Home builders have been forced to stop taking new orders from hungry buyers in an unprecedented move that’s been taken to catch up with record-high sales over previous months.
Builders in the U.S. have faced dozens of challenges as they bid to complete projects that are currently underway. Among them, surging costs of building materials and a shortage of appliances and skilled labor, all holding back projects.
“Through our history, to have somebody walk into our modes and [to have to] tell them, ‘We don’t have a house for you to buy today’ is something that is entirely foreign to us,” said D.R. Horton Inc. Chief Executive David Auld in a July earnings call.
D.R. Horton is one of several home building firms that is restricting the number of units for sale. But by doing so, it’s putting further pressure on new home prices. In June, the median price of a new single-family home jumped 6.1% year over year to $361,800. Meanwhile the average price for new orders rose 31.8%, according to the Wall Street Journal.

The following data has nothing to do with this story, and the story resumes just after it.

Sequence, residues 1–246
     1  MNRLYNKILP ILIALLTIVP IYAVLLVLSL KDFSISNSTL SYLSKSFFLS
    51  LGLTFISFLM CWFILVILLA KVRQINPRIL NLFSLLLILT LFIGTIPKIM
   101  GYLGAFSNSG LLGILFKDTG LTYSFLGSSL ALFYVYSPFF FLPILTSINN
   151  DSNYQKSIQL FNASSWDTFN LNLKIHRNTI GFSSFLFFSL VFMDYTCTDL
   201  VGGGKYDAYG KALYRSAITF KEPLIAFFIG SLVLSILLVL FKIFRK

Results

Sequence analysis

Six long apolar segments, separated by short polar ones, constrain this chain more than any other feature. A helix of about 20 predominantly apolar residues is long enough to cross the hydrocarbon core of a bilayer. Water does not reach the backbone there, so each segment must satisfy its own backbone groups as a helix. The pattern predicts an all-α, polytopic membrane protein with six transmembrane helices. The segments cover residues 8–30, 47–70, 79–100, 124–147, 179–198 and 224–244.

“Because builders are intentionally not selling, it’s creating a lot of pricing power,” Alan Ratner, managing director at Zelman & Associates, a real estate research and advisory firm, told The Wall Street Journal.
Some builders have opted to sell homes on a first come, first served basis or through lotteries, the Journal said. Others are effectively holding auctions, asking buyers to submit bids above the list price on new homes, which is another unprecedented move.
Others are simply holding off on selling homes that haven’t been completed yet, before trying to sell them at prices similar to current market rates, rather than locking in a sale and a price months ahead of completion.
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